Seyfarth Synopsis: While employers usually deal with employees directly, sometimes an employer must engage with an employee’s representative. These circumstances vary, as do the potential consequences to the employer.

Employers typically expect to deal directly with their employees. But employers should think before using Hodor’s approach of “Hold the door!” to exclude any employee representative. The employer who emulates Hodor in this regard may find itself in an analogous situation: holding off costly litigation coming with all the ferocity of a horde of White Walkers.

Dealing with Employee Representatives Under the FEHA

The FEHA contemplates direct communications between employer and employee; the interactive process aims to help the parties work together to identify reasonable accommodations. The presence of a third party—whether it be the employee’s physician, attorney, or other representative—may help or hinder this process. Employers need to be careful whom they should admit into the conversation and how the conversation should proceed.

For example, because employers aren’t clairvoyant like Bran, and because employees are sometimes less than forthcoming regarding what actually might assist in removing workplace barriers, employers may find it helpful to work directly with a medical provider to determine reasonable accommodations. Employers must obtain express authorization from the employee before doing so, however, and should be careful about what information they request, as they may receive more than they bargained for in terms of diagnostic and genetic information.

As for dealing with an employee’s attorney in the interactive process, employers often can bar an attorney’s entrance into its fortress and insist on dealing directly with employee. But in “unusual circumstances” that insistence could be unreasonable. One case indicates that it might be unreasonable to deny an employee’s request to communicate through counsel where the employer had previously terminated the employee.

Dealing with Employee Representatives Under the Labor Code and the NLRA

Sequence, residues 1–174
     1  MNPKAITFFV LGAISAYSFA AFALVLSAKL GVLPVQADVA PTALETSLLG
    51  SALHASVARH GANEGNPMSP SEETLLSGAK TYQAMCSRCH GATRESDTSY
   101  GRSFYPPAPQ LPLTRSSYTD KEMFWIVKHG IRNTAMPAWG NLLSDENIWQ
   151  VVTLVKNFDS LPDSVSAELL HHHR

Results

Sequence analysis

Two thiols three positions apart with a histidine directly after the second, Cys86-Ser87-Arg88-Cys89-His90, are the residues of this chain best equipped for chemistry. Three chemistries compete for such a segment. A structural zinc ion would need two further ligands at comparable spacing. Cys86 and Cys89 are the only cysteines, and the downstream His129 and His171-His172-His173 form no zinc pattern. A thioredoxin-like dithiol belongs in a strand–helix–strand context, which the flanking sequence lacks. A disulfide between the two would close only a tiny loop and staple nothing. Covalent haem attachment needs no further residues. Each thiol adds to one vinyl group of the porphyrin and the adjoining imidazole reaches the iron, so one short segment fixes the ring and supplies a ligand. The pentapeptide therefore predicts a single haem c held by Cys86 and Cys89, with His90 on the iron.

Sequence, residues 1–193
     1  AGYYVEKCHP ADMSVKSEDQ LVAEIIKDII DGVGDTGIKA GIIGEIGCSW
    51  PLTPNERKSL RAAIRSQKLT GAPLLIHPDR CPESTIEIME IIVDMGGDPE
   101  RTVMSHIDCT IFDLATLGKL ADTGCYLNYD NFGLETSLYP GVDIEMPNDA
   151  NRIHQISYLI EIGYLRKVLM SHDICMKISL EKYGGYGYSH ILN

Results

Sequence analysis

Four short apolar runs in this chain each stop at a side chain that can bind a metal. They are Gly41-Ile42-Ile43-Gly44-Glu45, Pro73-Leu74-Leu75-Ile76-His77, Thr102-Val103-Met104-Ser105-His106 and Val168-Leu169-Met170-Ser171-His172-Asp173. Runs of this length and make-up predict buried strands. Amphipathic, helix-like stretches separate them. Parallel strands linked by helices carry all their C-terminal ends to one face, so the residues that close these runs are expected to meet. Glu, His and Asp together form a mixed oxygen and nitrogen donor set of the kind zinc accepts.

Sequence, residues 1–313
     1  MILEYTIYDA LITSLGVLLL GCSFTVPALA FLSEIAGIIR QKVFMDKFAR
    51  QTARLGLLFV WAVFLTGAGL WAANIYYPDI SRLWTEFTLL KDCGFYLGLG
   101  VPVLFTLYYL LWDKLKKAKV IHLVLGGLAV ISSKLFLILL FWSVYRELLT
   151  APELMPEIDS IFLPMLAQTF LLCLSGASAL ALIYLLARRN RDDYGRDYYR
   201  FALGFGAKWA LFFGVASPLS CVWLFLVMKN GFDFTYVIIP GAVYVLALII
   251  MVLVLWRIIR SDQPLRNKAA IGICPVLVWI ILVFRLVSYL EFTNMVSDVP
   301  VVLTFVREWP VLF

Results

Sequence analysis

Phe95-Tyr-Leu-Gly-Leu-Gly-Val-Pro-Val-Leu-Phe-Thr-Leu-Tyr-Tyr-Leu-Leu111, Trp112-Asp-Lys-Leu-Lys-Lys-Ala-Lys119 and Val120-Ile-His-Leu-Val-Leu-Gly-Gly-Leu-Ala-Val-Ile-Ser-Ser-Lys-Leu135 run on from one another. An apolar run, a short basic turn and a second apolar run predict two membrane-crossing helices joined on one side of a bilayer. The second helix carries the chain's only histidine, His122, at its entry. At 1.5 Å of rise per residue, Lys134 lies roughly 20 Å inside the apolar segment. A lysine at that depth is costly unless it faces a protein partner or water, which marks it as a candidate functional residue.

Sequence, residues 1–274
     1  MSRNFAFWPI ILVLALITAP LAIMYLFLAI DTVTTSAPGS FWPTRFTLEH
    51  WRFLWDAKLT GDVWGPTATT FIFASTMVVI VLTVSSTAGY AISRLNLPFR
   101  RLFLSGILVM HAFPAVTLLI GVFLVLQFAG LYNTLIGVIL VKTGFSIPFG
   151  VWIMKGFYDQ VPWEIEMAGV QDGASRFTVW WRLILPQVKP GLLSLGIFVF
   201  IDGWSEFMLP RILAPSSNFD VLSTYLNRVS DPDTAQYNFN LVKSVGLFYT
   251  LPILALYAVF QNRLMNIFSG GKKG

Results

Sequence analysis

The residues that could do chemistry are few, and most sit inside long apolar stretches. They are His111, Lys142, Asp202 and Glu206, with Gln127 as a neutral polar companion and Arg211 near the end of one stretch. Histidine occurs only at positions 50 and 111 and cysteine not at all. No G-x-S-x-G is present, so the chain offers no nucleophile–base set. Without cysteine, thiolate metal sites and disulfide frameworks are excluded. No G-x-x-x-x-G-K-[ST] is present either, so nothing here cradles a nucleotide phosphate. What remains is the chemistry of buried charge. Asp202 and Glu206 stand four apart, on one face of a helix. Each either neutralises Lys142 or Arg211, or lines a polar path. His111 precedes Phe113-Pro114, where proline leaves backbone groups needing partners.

Much like the gatekeepers of Castle Black, attorneys serve as gatekeepers in discussions between employers and employees. Labor Code section 923 recognizes employees’ rights regarding “designation of representatives … to negotiate the terms and conditions of [their] employment.” Although Section 923 focuses on the concerted acts of employees to engage in collective action (like an uprising of the Unsullied), California courts have extended Section 923 rights to employees who are acting individually. These courts seem sympathetic to the view that the party in power (think the King or Queen on the Iron Throne) should give more dignity to the little guy, and have interpreted Section 923 to allow the individual employee to designate an attorney to negotiate terms and conditions of her employment.

California courts have found that “terms and conditions of employment” can cover discussion of wages and accommodations relating to a pregnancy. Courts have also found, however, that employees are not entitled to deal through their attorneys when it comes to discussions about an employee’s job performance. The wall of distinction here is not so high, though. The NLRA Weingarten right empowers an employee to have a union representative present at an investigatory interview where the employee reasonably apprehends discipline (think of Cersei’s concern as she contemplated a trial before the High Sparrow). California courts waiver here in their “loyalties”—some pay homage to the view that NLRA fully preempts Section 923, while others have concluded that preemption is unfitting. Complicating matters even further, public employers (and private employers whose conduct may be rendered governmental conduct) must heed an employee’s constitutional right to the presence of an attorney in a custodial interrogation. These contrary outcomes result in employers finding themselves in a dilemma, the likes of which Tyrion Lannister would love.

Gatekeeping Dilemma—What’s an Employer To Do?

So what is the confused employer to do? Much as the Mother of Dragons takes each conquest in step-by-step fashion to achieve her ultimate goal, so must an employer. Employers should carefully assess which law applies, and whether the situation permits or would be furthered by the designation of an employee representative. While neither the FEHA nor Section 923 necessarily obligates an employer to negotiate with a designated attorney or other third party, it may behoove the employer to engage in that process.

But employers should heed the lessons learned by the Westeros elite and remain mindful of the information exchanged with and obtained from an employee’s representative, as such discussions hinge on private information and the desires of the employee, not the representative. As usual, in California, an employer must proceed cautiously as an artfully pleaded complaint may give rise to liability under multiple statutes requiring differing actions.